Further, without any intention on a spouse’s part, non-marital property could become marital property. For example, if you bought a home jointly titled in both the spouse’s names during the marriage, even with non-marital assets, it would be considered marital property. Further, if you used non-marital assets to buy stock in a jointly held investment account, it would also become marital property.
Direct Tracing Is Required to Show that Property Is Non-Marital
It may become necessary for you to trace one or more assets to determine whether they are marital property, or what proportion of them are. This tracing requires the help of a forensic expert, both to make the calculation and serve as your expert witness if the case goes to trial.
Each spouse may work with their own expert to trace assets. It is not uncommon for each spouse to have starkly different figures regarding marital property. The need to hire forensic expertsis even greater when you are dealing with a high net worth divorce.
You may need to provide extensive documentation to prove the character of the asset. Depending on the duration of the marriage, that could be difficult. If you were married for a long time, you may not have account statements dating back decades. Brokerage firms are only required to keep blotters of customer activity for six years and trade confirmations for three. If you do not have the necessary records, you may struggle to meet your burden of proof to show that assets are non-marital.
The Character of Non-Marital Property Could Change
If marital and non-marital property are commingled, asset tracing could become even more difficult. For example, if one spouse had a brokerage account before the marriage, and they continue to put money in the account during the marriage, it would greatly complicate asset tracing. The more the assets become commingled, the harder it will become to prove that assets are not marital. Commingling on its own does not automatically convert non-marital assets to marital, but it will make tracing tougher. It is entirely possible that commingling, along with many active transactions, would change the character of the asset.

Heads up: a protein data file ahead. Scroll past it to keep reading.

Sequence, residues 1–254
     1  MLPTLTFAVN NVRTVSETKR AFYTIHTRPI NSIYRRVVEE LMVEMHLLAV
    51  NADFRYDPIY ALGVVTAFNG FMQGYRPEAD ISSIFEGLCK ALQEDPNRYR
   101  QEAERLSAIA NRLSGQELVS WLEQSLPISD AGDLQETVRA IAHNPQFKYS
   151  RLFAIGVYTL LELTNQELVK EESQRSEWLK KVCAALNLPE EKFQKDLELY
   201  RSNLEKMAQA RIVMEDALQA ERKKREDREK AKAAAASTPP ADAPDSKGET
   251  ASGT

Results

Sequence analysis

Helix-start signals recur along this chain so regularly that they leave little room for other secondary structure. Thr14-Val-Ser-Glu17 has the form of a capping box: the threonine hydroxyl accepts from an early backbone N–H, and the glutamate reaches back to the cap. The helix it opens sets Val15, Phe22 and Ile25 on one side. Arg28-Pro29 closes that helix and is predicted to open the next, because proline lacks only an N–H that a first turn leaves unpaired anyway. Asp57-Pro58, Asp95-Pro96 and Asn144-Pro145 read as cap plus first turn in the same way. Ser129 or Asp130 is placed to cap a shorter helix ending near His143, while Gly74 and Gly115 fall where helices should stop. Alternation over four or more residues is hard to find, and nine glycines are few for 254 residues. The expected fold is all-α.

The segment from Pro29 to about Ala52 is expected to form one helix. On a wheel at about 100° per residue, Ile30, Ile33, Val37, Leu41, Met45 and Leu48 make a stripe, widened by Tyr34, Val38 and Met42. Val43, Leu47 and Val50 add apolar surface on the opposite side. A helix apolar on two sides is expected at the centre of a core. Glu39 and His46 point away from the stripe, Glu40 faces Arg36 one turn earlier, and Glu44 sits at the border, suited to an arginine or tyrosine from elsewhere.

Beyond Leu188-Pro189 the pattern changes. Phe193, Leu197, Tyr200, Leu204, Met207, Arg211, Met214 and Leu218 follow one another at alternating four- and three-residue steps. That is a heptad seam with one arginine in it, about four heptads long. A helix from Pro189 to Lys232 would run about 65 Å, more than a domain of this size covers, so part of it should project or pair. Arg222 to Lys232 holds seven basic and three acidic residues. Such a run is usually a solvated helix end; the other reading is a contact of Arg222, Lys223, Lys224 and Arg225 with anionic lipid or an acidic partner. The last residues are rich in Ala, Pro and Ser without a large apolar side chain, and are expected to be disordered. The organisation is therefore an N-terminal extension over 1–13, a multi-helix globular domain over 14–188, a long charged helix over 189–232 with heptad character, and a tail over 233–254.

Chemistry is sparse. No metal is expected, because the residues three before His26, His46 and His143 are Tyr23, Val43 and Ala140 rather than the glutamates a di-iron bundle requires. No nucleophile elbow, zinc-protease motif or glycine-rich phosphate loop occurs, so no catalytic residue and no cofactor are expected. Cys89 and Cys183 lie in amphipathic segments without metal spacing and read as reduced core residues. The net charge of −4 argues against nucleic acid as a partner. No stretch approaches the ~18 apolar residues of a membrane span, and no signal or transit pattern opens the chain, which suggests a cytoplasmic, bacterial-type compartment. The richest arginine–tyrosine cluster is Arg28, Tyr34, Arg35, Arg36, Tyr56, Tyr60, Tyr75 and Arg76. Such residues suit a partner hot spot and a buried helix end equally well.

If a spouse cannot prove that assets are not marital, then they would be included in marital property. The requirement is that a spouse demonstrates through documentation and testimony that the assets are directly traceable.
Judges are adept at getting to the bottom line in a contested divorce case. They can grasp and follow difficult fact patterns relating to assets, and they will ask tough questions of experts testifying in their courtroom. Your attorney must carefully select the forensic expert who will value your assets and testify on your behalf if your case is litigated. At BRP Family Law, we are experienced at working with experts to present the strongest possible case on your behalf.
Contact a Maryland Divorce Lawyer Today
If you are going through a divorce, you need legal help at the earliest possible stage. Contact the attorneys at Brodsky Renehan Pearlstein & Bouquet today to schedule an initial consultation. We can explain your case and some of the issues that you may be facing in your divorce. Our lawyers are well-positioned to handle complex divorce cases because all we practice is family law.